Yesterday at CBA Live, the annual conference of the Consumer Bankers Association, I attended a session geared to bankers called “Understanding the CFPB’s Supervisory Program.” The panel included Peggy Twohig, Assistant Director, Office of Supervision Policy at the CFPB, and Konrad Alt, Managing Director, Promontory Financial Group. The discussion was moderated by Benjamin Saul, Partner at Goodwin Procter, LLP.
Peggy Twohig made it clear from the start to this group of retail bankers that the CFPB is organized by product type (i.e. mortgage origination, mortgage servicing, or debt collection) rather than group supervised (i.e. 1st party vs 3rd party collectors). She said that they now can say they review supervisory priorities on an annual basis and adjust as appropriate to address the highest risk areas to consumers.
Konrad Alt, who advises large banks on regulatory matters, said that when counseling clients dealing with the CFPB he first tries to remove hysteria from the process. Many come to him with the impression that the Bureau has an unlimited budget and therefore vast supervisory resources. He explained that he’ll first raise the fact that the CFPB’s total budget of $600 million, half of which is devoted to supervision, is a lot less than what other prudential regulators spend on supervision. Therefore, he says that their activities must be more surgical and focus on known issues.
This doesn’t quite seem to line up with the scope of investigation reported by 3rd party collection agencies over the past year, as many have claimed far reaching requests for information. Perhaps this will begin to narrow once CFPB examiners gain more experience in this market, and they feel they’ve sent the proper message to collectors, who haven’t previously been subject to Federal supervision, as have their bank clients.
Ms. Twohig also mentioned that there are efforts to communicate and coordinate exam activity with prudential regulators. Alt noted that this coordination seems to be a “work in progress.”
Benjamin Saul, the moderator, raised the challenge he has heard of uneven supervision exams; similar fact patterns receiving different treatment in different by different examiners. Twohig said they are trying to coordinate to minimize this, and that the structure of the organization by product versus location is helping to provide the needed expertise to oversee the process. She also did recognize that examiners have different backgrounds, skills, and approaches – which they are working to address in a variety of ways (i.e. consistent training, headquarters review before exam reports are published, and publishing supervisory highlights on a regular basis in an attempt to add transparency to the process while also maintaining confidentiality) – but that this can also be a positive, as it’s not their intention to approach supervision as it has always been approached in the past.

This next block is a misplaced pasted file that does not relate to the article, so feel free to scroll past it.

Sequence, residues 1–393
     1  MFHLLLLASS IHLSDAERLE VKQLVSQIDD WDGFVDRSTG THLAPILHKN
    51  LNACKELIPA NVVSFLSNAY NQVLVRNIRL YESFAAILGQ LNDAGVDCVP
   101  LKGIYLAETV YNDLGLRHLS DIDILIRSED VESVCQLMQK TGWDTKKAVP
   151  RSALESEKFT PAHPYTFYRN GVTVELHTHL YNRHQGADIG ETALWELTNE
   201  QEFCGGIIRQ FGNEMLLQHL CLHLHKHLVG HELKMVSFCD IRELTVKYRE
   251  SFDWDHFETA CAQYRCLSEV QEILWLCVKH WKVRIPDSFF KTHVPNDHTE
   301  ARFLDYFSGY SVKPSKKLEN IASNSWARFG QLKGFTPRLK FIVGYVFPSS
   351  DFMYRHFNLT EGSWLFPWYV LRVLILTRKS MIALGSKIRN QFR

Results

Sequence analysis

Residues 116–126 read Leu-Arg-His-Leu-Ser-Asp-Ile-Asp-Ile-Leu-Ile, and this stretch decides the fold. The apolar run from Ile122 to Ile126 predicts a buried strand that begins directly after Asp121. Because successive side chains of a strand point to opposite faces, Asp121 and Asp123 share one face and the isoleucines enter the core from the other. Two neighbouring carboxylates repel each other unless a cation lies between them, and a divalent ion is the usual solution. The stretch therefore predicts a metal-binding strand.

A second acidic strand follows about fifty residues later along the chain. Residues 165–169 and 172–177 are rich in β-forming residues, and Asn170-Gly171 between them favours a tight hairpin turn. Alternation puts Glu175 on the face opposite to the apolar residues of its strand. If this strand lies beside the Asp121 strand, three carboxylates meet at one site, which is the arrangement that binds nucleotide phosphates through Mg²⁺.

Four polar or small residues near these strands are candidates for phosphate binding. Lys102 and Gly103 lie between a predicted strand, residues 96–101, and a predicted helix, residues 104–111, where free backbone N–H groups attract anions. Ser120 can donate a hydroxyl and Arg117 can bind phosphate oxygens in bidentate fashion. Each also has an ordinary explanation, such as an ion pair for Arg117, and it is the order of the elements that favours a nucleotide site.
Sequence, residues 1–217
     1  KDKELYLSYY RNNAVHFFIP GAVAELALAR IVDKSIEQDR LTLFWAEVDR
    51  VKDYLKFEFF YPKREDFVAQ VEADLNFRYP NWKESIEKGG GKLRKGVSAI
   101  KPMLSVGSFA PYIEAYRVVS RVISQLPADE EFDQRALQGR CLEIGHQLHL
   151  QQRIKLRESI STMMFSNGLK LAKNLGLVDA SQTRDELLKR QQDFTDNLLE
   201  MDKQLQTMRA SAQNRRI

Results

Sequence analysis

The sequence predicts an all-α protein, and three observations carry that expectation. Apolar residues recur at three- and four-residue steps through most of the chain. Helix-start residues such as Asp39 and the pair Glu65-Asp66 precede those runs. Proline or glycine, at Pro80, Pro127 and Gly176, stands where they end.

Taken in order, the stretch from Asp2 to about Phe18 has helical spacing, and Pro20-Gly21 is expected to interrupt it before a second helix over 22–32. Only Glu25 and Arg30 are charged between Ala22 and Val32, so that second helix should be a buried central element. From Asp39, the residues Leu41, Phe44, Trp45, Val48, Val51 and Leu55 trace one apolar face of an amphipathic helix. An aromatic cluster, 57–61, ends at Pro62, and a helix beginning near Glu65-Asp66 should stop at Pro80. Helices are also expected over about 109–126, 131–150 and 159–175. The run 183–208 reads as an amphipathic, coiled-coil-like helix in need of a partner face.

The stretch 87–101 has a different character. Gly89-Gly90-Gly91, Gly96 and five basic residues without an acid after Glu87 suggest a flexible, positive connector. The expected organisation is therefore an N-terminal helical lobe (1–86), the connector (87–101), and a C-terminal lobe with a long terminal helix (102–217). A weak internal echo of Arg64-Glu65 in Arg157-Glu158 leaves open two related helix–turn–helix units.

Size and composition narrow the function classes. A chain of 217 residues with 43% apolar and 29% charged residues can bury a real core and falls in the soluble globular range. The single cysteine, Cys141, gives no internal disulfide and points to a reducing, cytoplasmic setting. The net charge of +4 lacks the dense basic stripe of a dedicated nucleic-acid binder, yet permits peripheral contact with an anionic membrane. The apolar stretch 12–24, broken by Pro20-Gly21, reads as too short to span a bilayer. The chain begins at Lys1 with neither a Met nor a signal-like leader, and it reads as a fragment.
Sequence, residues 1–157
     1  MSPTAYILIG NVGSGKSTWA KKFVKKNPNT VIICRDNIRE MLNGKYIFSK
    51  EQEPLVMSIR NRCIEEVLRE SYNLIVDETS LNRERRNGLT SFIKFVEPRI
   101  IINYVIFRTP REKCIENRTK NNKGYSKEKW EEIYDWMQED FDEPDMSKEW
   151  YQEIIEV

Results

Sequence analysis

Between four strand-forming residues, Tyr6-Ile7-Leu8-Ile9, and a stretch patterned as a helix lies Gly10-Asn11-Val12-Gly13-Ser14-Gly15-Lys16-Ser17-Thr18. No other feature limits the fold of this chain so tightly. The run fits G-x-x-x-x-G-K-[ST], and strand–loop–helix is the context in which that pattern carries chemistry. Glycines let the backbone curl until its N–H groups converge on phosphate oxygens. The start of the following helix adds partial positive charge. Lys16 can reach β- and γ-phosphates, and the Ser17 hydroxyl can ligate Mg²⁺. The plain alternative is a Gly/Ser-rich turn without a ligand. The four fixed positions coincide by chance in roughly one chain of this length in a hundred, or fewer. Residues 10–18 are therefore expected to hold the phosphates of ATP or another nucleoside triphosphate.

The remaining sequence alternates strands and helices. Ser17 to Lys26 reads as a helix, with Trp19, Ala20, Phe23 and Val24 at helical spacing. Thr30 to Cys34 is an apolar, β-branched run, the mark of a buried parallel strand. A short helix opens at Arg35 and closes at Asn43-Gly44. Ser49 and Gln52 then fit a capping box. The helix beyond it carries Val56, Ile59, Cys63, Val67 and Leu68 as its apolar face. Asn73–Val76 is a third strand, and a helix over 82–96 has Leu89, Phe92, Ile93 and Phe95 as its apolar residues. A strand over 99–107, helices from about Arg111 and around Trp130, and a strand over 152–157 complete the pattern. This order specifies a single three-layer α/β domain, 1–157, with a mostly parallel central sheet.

Promontory’s Alt described the advice he gives to clients prior to an exam:
- Get your facts straight. Before the exam, know the inherent opportunities for risk in your own institution. Understand and be able to explain how those risks are managed by the organization (through org structure, policies & procedures, etc.). And be able to communicate what you are learning; where are the weaknesses, and how are they being addressed.
- Prepare to tell your story. What are the facts? Who are the people who will be communicating with regulators? Are they effective in telling the story, and do they have the right temperament (i.e. are they people who easily become defensive or impatient)? Ask questions of the examiner in advance in order to fully understand what is expected.
- Meet frequently. He suggests setting up regular (weekly or bi-weekly) meetings during the exam to review progress and issues, and to show responsiveness to issues that are raised.
Twohig agreed that this is good advice and reinforced that communication is key. She said that companies should have 60-90 days notice, and that her team encourages examiners to be responsive to questions in advance. She also noted that following the exam, a letter now goes (is this a new practice?) to the institution summarizing issues and findings, and will note whether enforcement is being considered by the Bureau. This is an opportunity for the institution to respond, clear up facts, and address the issues – and the company’s reaction can help to determine whether the matter will move to Enforcement, or whether it gets handled in a less public manner.
Alt also commented that some clients are frustrated by the time delay between the end of an exam and receipt of the final report. Twohig responded that they are working on the process, but also pointed to the bottleneck that can be caused by headquarters review. While the delay can be frustrating, this review is one way they can help to avoid the other frustration; inconsistent treatment of similar fact patterns across regions or examiners.
Finally, Saul asked both panelists to give their thoughts/predictions on Supervision for 2014. Alt felt that we would see exams become further routinized, and that the hysteria will slowly recede from the process. Twohig outlined the 2014 supervisory priorities:
- Mortgage servicing & origination – compliance with the new rules
- Consumer reporting agencies, and the system as a whole, including furnishers
- Collections issues